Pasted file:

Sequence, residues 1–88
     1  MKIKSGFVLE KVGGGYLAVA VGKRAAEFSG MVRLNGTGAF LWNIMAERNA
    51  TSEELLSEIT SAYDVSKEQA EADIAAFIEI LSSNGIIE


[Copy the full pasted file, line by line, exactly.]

Sequence, residues 1–88
     1  MKIKSGFVLE KVGGGYLAVA VGKRAAEFSG MVRLNGTGAF LWNIMAERNA
    51  TSEELLSEIT SAYDVSKEQA EADIAAFIEI LSSNGIIE